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The Center for Holocaust, Genocide, and Human Rights Education of North Carolina 
Holocaust Speakers Bureau 


To learn more about the Holocaust and to access our resources, please visit the resources tab on this website. Also, you can view one of our five documentary shorts to hear and see firsthand, eyewitness testimony of a survivor.  You can also learn about our upcoming speaking engagements and view photos from our past events.

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One Year After Charlottesville, How Should We Talk With Our Students About Hate?
By Peter DeWitt on August 5, 2018


​As we head into the one-year anniversary of the horrific events in Charlottesville, which intersects with the beginning of school, consider what you can do in your classroom this year. There are a variety of ways you can address these issues, even with our youngest children. 

Using children's and young adult literature is a powerful way to introduce and deepen students' understanding of identity, race, racism, culture, civil rights history and people's struggle to overcome injustice. Currents events are excellent openings to talk about what's happening in the world and help students grapple news events in the context of bias, discrimination, and social justice in social studies, English or advisory.  

High school can be an especially appropriate time to discuss Charlottesville, the alt-right and white supremacy. Young people already know about these topics through their social media feeds, but they are not necessarily analyzing them with the rigor and critical thinking that classroom instruction can bring. Teaching moments (from racial "jokes" and stereotypes to xenophobia in the news to a hate incident in school) provide ripe opportunities to dig deeper into the background, motivations, impacts and solutions to issues.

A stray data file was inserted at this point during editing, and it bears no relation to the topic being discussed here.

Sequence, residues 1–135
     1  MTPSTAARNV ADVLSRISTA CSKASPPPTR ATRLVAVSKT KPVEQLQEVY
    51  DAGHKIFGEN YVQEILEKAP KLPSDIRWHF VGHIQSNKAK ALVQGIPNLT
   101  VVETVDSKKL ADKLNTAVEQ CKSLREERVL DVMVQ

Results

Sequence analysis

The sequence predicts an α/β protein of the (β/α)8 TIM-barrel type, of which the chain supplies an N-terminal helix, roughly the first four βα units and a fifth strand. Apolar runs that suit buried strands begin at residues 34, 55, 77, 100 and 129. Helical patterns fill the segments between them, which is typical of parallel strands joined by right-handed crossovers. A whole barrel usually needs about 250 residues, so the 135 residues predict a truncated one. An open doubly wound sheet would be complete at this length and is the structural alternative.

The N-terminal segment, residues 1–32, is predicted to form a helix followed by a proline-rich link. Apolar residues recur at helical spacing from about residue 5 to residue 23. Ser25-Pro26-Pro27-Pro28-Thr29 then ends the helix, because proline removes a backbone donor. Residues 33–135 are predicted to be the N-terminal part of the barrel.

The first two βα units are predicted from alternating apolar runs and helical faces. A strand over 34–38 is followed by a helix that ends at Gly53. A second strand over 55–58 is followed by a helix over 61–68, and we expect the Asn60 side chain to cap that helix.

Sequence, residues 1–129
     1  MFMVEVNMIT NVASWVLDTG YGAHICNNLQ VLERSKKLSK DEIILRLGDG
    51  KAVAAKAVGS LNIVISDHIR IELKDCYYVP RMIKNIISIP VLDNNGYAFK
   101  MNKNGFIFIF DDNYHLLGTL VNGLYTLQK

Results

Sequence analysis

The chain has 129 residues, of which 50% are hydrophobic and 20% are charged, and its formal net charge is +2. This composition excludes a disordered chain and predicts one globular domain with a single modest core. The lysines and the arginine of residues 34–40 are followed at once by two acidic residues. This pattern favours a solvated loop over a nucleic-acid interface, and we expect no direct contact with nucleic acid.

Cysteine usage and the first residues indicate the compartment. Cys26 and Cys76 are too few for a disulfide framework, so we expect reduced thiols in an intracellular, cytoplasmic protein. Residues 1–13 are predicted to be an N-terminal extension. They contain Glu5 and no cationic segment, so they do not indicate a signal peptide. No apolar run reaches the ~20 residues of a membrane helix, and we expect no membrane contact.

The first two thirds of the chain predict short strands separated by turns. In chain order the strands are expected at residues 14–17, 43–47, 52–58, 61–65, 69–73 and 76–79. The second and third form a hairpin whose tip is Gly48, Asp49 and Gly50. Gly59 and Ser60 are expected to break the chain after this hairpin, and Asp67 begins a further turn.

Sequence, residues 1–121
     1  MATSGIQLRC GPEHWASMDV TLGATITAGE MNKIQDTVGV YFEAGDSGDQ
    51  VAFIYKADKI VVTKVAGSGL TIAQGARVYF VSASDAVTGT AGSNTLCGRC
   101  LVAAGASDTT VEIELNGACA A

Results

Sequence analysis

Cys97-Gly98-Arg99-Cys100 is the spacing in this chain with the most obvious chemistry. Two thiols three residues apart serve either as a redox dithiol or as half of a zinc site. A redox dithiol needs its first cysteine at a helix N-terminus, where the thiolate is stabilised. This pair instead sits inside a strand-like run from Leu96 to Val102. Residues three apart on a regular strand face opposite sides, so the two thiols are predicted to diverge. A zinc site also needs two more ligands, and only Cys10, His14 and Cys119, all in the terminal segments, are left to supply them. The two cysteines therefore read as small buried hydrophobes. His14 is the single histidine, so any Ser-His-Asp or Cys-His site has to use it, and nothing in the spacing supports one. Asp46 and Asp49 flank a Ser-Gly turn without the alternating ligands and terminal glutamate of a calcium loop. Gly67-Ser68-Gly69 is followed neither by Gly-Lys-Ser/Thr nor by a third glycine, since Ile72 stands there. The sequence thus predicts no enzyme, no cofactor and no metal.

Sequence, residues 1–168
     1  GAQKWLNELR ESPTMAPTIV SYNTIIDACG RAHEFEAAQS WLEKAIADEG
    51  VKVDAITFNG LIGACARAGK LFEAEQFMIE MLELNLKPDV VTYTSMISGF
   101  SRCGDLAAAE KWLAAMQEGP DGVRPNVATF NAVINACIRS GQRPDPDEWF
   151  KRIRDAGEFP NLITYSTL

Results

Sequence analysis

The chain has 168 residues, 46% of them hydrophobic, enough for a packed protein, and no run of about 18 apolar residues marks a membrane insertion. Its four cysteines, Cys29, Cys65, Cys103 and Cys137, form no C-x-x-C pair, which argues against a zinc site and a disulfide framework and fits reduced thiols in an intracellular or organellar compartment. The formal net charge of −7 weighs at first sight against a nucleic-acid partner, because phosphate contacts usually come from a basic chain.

And it is always important to leave young people of all ages with hope and optimism. One way to do this is to explore historical and current-day examples of activism, especially where young people have taken the lead, and engage them in a social action project of their own creation. Read more....


https://blogs.edweek.org/edweek/finding_common_ground/2018/08/one_year_after_charlottesville_how_do_we_continue_to_talk_with_young_people.html


Our Activities


The Center for Holocaust, Genocide, and Human Rights Education of North Carolina (the Holocaust Speakers Bureau)

inspires students and members of our community to respect the dignity of all human beings by teaching the challenging

topics of the Holocaust, genocide, and tolerance. We work with schools, museums, libraries and houses of worship to

develop age-appropriate materials, presentations and programs.